A Look Inside Life of Fred Language Arts


Have you found a Language Arts program that works well for your middle or high school students? I’ve been looking into Life of Fred because I’ve heard so many good things about it. I found this basic overview to be helpful in getting a better idea of how it works.

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Life of Fred is a fictional narrative that introduces students to essential concepts in a fun and easy way. Kids really love reading the Fred books. The Language Arts Series covers concepts on spelling, grammar, punctuation and more. Life of Fred Language Arts - Educents Blog This series is best suited for middle school and high school students. The books can be re-read once every year to ensure total comprehension of all the concepts covered. Lessons include the seven parts of speech, punctuation, spelling, similes, silent letters, and so much more. Why these books WORK:

  • Language Arts concepts are weaved throughout a fictional narrative about Fred, the 5-year-old math prodigy. The books read like storybooks, but have meaningful lessons embedded within the stories.
  • Every chapter is a daily lesson that only takes about 20 to 30 minutes to read and complete.
  • At the end of every chapter, there is an opportunity for students to practice the concepts covered during Fred’s adventure.
  • The Language Arts Series can be re-read once a year to keep concepts fresh in students’ minds.
  • Kids want to actually read these books – they are so fun!

Take a Look Inside Life of Fred Language Arts What customers are saying about the Life of Fred Language Arts Series: “This is a wonderful series. While it is presented in a silly, quirky manner it has a good coverage of grammar, and then some. It is an engaging story that helps you relate what you are learning to ‘real’ life.” – Educents customer
“My kids love this series. We started with Elementary Math and have used Fred for our entire schooling. Hands down, the best curriculum we have found.” -Christian Life of Fred Language Arts Books - Educents The Life of Fred Language Arts Series includes four titles: Australia, Begin Teaching, Classes, and Dreams. Here are a few examples of the concepts covered in each book. In Life of Fred: Australia, students will learn… -The difference between a hemistich and heteronym -What these abbreviations mean: p.s. ps ps. and Ps. -How to experience two summers and no winters each year In Life of Fred: Begin Teaching, students Life of Fred - respond to the story Educents Blogwill learn… -The uses of 12 tenses in English -The 16 ways to make plurals -Why “since” is a dangerous word In Life of Fred: Classes, students will learn… -The six rules for hyphenating compound adjectives -How the three moods in English are used -The four uses of italics In Life of Fred: Dreams, students will learn…-The three uses of a dash -How to pronounce “viz” -The difference between metaphor and metonymy.

Check out the Language Arts books and the entire Life of Fred collection offered at the best price on Educents!



Sara (102 Posts)

I'm a reader, writer, dreamer, wife, and homeschooling mom of 3 girls. We take a relaxed, eclectic, Charlotte Mason-leaning, Montessori-ish, literature-rich, delight-directed, almost unschooling-at-times approach to learning. Lots of unit studies, field trips, and lapbooks, too. I like to blog about our learning adventures (plus faith and encouragement) at Embracing Destiny.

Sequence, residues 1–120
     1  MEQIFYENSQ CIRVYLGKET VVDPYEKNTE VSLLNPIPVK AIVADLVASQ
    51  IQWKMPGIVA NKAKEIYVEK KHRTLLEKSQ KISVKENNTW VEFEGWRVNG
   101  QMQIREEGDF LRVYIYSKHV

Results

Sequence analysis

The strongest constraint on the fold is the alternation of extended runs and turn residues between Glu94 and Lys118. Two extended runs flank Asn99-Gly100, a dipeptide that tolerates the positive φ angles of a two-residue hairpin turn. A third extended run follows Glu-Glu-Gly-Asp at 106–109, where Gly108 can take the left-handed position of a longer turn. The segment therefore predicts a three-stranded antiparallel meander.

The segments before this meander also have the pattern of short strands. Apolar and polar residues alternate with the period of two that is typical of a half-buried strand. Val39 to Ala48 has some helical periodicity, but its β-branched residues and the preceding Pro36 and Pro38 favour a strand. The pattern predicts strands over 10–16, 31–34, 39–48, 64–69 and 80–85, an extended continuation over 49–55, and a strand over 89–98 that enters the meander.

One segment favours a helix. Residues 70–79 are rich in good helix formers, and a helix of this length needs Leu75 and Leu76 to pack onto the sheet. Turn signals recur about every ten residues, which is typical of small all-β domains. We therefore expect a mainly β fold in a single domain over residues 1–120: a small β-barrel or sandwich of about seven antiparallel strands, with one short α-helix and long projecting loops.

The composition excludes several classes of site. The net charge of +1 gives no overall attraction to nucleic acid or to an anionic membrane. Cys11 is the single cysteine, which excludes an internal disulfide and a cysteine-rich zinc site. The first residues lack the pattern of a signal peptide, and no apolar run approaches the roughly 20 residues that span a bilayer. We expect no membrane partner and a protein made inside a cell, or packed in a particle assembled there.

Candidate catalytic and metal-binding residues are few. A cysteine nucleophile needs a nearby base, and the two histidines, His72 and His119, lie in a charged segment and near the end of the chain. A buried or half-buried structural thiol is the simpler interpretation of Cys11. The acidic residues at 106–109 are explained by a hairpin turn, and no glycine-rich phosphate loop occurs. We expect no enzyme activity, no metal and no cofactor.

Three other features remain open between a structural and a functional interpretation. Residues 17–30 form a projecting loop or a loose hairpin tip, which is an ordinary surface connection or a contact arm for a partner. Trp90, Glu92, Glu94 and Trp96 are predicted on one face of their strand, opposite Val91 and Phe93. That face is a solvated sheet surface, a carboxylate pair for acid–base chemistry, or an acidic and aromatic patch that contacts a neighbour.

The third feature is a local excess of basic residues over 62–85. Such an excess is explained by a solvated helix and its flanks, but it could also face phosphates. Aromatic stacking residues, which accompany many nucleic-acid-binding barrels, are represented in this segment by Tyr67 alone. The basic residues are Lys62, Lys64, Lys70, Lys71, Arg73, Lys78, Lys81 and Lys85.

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June Means Homeschool Graduation

Year-round homeschoolers, that’s us. We take two full months off during the year officially: June and December. There are plenty of times throughout the year that we also take off of school- the week before Thanksgiving, all birthdays, days or weeks when we are taking road trips or family/friends are visiting- but generally, it’s keep on, keeping on.

This June will be the end of one of my kiddos’ homeschooling journey. She officially/technically graduated in September 2014 so that she could move on to her college classes {too long of a story to relate here; suffice to say rules/regulations for teens taking college classes are a little ridiculous}, but she *really* graduates June 2015. If she gets her work finished that is. *wink*


What do we have planned? What do others’ plan to do for graduations? I’m such a poor example for this. I graduated from public high school 6 months later than I should have {another long story that involved many decisions that twisted my path}. The small group I graduated with had a little ceremony to recognize our special day. But honestly, it wasn’t *that* special.

Maybe I’m just weird. I didn’t need/want to wear the cap and gown or have my name called to tell the audience I’d graduated. {I also never wanted to go -and didn’t go- to school dances.} I did go through with the little grad ceremony all for the sake of my family. They thought it quite a big deal.

When I graduated with my BA from college, I sort of felt like I wanted to walk. But I’m a distance education student and never physically attended my campus. Walking with all the others sort of felt weird to me. So I decided not to do it. Many of my family didn’t understand why I didn’t go. I’m coming up on my M.Ed degree completion, and I won’t walk for it either.

Like I said, maybe I’m just weird.

Now it’s my daughter’s turn to graduate high school…and I’m a little torn here. She wants a big hoopla to-do. I don’t want to disappoint but I don’t know what to do for it! I don’t want her to be disappointed but geez, she’s already in college.

Since I do not know what to do for my first homeschool graduate, I browsed the Homeschool Post for previous posts about this topic.

I did also hop onto Pinterest to see what would come up when I put in “homeschool graduation”. Here are just a few that I clicked on: